One common criticism of lean start-ups is that the feedback loop never stops. As an innovator, you may exhaust your time and resources on testing hypotheses rather than building a business. The research found this is not true. There is a natural stopping mechanism baked into the method: Teams gradually settled their open questions about their business ideas.
Why team makeup matters
But all of these useful downstream effects of lean start-up rest on getting teams to propose and probe hypotheses in the first place. And teams with different educational backgrounds diverge most sharply on this. Teams with at least one member who held an MBA degree struggled relative to others and, as a result, formulated fewer hypotheses and converged more slowly on business ideas.
Why do MBA teams tend to struggle? One reason may be that traditional business school curriculum emphasizes learning by thinking – for instance, analyzing case studies – rather than learning by doing; as a result, MBA teams may believe that by thinking through a business model, they’ve already validated it, so no hypotheses are required. MBAs may feel reluctant to hypothesize and probe because they view themselves as business experts who know more than customers do.
How to make the most of lean start-up
So what does this all mean for aspiring innovators considering the lean approach? Here are 3 ways to make the most of it:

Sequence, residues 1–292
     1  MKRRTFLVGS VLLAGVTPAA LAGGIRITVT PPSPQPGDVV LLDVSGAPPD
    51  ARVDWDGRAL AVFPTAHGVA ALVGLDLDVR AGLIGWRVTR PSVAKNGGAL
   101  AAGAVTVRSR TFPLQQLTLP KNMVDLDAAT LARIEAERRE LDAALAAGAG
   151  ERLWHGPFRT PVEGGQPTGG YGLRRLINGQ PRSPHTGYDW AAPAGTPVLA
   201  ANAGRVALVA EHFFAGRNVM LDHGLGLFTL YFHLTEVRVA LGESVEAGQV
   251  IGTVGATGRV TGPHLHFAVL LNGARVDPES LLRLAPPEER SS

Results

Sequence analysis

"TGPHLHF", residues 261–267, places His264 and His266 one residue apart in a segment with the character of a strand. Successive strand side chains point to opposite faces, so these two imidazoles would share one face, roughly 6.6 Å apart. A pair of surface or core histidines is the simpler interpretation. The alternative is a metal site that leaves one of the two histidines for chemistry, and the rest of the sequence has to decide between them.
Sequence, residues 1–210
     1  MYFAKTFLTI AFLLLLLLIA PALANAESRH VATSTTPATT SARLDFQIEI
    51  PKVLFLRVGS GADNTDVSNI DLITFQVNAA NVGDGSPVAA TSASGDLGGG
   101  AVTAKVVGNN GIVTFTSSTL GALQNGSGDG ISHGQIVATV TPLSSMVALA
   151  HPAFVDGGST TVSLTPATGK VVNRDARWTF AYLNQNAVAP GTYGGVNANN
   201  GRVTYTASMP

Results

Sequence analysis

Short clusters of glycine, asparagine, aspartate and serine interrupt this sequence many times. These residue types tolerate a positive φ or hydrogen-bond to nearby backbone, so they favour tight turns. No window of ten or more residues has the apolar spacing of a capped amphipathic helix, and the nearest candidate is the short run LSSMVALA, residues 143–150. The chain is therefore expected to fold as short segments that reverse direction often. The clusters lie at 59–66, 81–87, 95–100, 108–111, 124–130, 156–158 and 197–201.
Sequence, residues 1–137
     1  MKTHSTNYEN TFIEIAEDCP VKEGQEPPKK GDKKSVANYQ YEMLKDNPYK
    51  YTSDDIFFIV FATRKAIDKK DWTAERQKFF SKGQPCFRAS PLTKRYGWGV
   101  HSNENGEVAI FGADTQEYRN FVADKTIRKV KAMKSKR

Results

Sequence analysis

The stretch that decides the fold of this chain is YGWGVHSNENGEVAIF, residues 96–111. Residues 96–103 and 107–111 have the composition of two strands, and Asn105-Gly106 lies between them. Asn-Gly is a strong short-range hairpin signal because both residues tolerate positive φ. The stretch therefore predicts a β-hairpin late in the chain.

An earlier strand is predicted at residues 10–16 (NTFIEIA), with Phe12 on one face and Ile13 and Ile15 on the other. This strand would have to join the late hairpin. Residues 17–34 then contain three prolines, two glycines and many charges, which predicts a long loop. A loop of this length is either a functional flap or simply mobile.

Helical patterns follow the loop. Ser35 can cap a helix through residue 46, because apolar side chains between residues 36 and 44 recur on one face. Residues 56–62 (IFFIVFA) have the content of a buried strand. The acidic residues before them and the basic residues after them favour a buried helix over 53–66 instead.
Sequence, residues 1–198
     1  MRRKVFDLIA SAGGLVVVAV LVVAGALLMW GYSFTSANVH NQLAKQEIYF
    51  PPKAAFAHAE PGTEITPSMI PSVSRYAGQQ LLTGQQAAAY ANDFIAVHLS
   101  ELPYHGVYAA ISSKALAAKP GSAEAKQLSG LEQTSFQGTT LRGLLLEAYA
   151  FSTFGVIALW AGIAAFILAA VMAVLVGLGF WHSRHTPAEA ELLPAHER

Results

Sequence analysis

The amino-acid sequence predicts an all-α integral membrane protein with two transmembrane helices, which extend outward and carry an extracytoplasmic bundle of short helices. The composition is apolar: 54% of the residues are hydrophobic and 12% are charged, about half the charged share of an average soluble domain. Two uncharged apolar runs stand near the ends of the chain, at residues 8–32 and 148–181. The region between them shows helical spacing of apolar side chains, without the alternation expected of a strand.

When it comes to developing hypotheses, focus on quality, not quantity. Teams who developed lots of hypotheses tended to investigate gewer of them. This may be triggered by the fact that it is much easier to probe a few clear thoughtful hypotheses than lots of vague, slapdash ones. To yield all the benefits of probing, lean teams should focus on developing a smaller number of hypotheses they really want to test.
If you’re an MBA, prepare to eat some humble pie. MBAs and lean start-ups aren’t necessarily a natural fit. But MBAs can find great success with this approach. So, if you’re a business school alum, prepare for some discomfort at first – but know your skills will give you a boost when it comes time to analyze the results of your probe.
Embrace diversity. Educationally diverse teams, according to studies, are more likely to take advantage of the lean start-up methodology. Homogenous teams (e.g., those made up of only engineers or only MBAs) may be overly optimistic about their initial ideas and less willing to probe them. That’s likely because a group of people with similar backgrounds may be prone to groupthink. But educationally diverse teams don’t have this problem. Thanks to members’ varied backgrounds, they are less susceptible to groupthink and have less attachment to initial beliefs, likely making them especially willing to embrace the experimental nature of the method and probe their ideas.
So if your innovation teams are made up mostly of people with similar backgrounds, you should broaden them. And if you’ve got an MBA on your team, know that it may take a little convincing to get them to develop and probe hypotheses – but that you’ll all benefit in the end.